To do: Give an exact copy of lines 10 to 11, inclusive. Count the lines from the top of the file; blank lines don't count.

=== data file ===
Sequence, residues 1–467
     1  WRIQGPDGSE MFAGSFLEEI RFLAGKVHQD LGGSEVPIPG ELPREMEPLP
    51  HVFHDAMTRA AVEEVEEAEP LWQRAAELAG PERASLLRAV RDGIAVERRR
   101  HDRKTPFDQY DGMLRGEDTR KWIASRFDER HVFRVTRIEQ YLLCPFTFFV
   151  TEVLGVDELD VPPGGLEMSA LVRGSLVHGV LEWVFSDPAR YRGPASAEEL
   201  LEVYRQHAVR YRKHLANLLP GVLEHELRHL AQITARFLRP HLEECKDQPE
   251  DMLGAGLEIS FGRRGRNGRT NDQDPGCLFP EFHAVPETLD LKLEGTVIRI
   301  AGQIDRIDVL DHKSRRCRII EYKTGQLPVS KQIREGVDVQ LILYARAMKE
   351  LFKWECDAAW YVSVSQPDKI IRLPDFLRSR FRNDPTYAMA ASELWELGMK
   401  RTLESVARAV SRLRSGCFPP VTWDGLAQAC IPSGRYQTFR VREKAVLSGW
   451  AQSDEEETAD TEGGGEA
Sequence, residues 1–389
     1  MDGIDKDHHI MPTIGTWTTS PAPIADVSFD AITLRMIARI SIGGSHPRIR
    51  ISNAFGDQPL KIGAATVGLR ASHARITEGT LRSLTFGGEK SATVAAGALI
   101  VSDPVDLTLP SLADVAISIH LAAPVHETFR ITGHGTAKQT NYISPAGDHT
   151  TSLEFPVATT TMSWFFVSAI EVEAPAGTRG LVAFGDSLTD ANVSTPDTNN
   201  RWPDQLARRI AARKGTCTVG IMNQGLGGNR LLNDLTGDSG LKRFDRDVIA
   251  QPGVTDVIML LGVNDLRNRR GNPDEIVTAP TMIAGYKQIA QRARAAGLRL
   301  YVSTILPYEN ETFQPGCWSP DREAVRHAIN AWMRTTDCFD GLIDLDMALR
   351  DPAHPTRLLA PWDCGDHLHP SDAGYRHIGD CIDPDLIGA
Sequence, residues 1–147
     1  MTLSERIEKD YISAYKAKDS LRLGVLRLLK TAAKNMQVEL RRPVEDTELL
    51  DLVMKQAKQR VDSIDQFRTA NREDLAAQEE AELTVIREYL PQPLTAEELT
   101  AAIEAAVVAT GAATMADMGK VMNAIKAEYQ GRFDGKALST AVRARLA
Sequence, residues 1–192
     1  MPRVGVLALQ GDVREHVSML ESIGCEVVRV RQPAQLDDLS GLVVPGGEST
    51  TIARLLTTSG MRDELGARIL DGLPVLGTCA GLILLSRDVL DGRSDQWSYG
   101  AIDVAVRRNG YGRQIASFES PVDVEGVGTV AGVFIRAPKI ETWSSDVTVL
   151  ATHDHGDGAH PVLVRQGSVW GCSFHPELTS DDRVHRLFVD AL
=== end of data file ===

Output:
   401  RTLESVARAV SRLRSGCFPP VTWDGLAQAC IPSGRYQTFR VREKAVLSGW
   451  AQSDEEETAD TEGGGEA